Isn't Bitcoin (BTC) a hedge against inflation? A lot of crypto-analysts agree with that. As a result of Russia's invasion of Ukraine, crude oil prices have risen to their highest level since 2008.
However, things aren't as straightforward as they appear. As long as oil prices remain high, the Federal Reserve may feel compelled to tighten monetary policy in order to combat the threat of rising prices.
Since the Fed's most recent hawkish comments, bitcoin has fallen in tandem with the stock market.
Some crypto specialists are wondering if bitcoin may become a safe haven asset like gold — an item whose price rises or even holds its worth when the stock market declines.
Jason Deane, an analyst at Quantum Economics, wonders if bitcoin is showing the first indications of maturity as a safe haven. The asset could benefit if this is the case, at least hypothetically.
Since the 27th of February, Bitcoin has gained 12 percent, making this the best week of 2022 so far. As a result of news of the invasion, the price of bitcoin first fell to $30,000, but the subsequent rebound has brought it back to $40,000. As of this writing, the price of a bitcoin was hovering around $43,000.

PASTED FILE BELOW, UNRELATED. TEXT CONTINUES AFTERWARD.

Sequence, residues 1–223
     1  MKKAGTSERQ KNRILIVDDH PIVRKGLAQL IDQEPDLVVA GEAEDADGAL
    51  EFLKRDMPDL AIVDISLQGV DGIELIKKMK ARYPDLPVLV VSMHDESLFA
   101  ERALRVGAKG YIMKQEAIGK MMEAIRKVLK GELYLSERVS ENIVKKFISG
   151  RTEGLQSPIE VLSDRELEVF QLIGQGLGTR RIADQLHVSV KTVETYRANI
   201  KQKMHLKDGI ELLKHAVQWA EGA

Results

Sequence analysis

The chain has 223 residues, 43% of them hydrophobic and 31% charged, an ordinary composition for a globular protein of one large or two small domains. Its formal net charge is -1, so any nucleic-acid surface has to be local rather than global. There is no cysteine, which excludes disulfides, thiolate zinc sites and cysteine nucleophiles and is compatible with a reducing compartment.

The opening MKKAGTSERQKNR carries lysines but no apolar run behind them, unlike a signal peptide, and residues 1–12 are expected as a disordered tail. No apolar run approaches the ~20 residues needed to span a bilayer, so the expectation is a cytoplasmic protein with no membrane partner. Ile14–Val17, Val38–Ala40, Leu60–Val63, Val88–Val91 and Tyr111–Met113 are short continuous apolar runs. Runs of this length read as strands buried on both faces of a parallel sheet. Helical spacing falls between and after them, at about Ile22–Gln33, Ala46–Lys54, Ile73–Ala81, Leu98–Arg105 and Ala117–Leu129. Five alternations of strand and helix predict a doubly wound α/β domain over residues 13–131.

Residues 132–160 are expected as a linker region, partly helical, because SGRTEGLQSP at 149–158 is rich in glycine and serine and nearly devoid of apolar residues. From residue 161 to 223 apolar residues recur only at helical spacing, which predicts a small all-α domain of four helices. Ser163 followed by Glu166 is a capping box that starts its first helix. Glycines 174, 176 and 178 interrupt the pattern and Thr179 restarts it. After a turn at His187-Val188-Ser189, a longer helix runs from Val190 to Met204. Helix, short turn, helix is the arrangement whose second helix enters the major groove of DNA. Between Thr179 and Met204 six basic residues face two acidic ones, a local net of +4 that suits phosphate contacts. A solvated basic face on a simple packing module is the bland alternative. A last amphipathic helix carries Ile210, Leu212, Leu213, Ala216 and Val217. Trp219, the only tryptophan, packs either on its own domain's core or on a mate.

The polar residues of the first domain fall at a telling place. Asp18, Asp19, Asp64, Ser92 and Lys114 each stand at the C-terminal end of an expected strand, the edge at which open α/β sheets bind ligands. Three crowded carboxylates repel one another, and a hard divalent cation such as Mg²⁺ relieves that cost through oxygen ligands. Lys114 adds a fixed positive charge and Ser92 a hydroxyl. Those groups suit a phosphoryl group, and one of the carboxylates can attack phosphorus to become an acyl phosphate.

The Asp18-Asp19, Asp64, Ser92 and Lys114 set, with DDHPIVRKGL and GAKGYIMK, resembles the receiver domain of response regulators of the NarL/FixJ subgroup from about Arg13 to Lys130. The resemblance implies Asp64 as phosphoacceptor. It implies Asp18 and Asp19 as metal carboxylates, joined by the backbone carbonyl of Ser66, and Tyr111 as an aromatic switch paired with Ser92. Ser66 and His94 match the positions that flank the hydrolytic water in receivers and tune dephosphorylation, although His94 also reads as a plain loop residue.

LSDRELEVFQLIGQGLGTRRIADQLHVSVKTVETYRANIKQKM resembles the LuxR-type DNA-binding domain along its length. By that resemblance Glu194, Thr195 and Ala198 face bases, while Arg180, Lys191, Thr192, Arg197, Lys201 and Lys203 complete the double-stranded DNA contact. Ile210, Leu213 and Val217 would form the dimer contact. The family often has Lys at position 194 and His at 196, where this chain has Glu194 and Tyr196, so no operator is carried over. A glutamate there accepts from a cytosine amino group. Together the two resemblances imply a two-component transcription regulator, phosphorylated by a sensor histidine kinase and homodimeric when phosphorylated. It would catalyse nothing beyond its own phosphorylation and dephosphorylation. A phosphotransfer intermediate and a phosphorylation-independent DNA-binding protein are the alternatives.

Inflation in the price of crude oil
At one point during Thursday's trading session, West Texas Intermediate crude hit $116.57 per barrel, the highest level since 2008.
Many analysts are concerned that rising oil prices could lead to increased gas prices for drivers, as well as higher expenses for manufacturers and the transportation industry. Inflation is already at its greatest level in four decades as a result of this dynamic.
At the House of Representatives' Financial Services Committee, Federal Reserve Chair Jerome Powell indicated he expects the central bank will raise interest rates 0.25 percentage points later this month.
Pressure on the labor market and robust economic demand have convinced Powell that the Federal Reserve should begin to implement monetary policy that is more aggressive.
In his remarks on Wednesday, he avoided mentioning oil explicitly. On Thursday, he will appear before the Senate Banking Committee.
As Brian Coulton, Fitch's Chief Economist told CoinDesk, the Russia-Ukraine conflict will raise oil and gas costs globally including in the United States.
"Core" inflation ignores the influence of unpredictable food and energy costs. However, recurrent "shocks" from oil prices could be an issue, according to Coulton.
"Headline inflation shocks matter," he continued, "if they keep coming."
Many speculators' expectations for bitcoin to operate as an inflation hedge have been disappointed so far in 2022, which has sparked a firestorm of discussion.
The largest cryptocurrency by market capitalization has lost 8% of its value this year due to a series of unexpectedly positive consumer price data readings. "Stagflation," where inflation is strong but economic growth is minimal or nonexistent, has even been discussed.
This year, traders have showed a preference for gold, which has outperformed bitcoin thus far. As a result, bitcoin's price has taken a hit.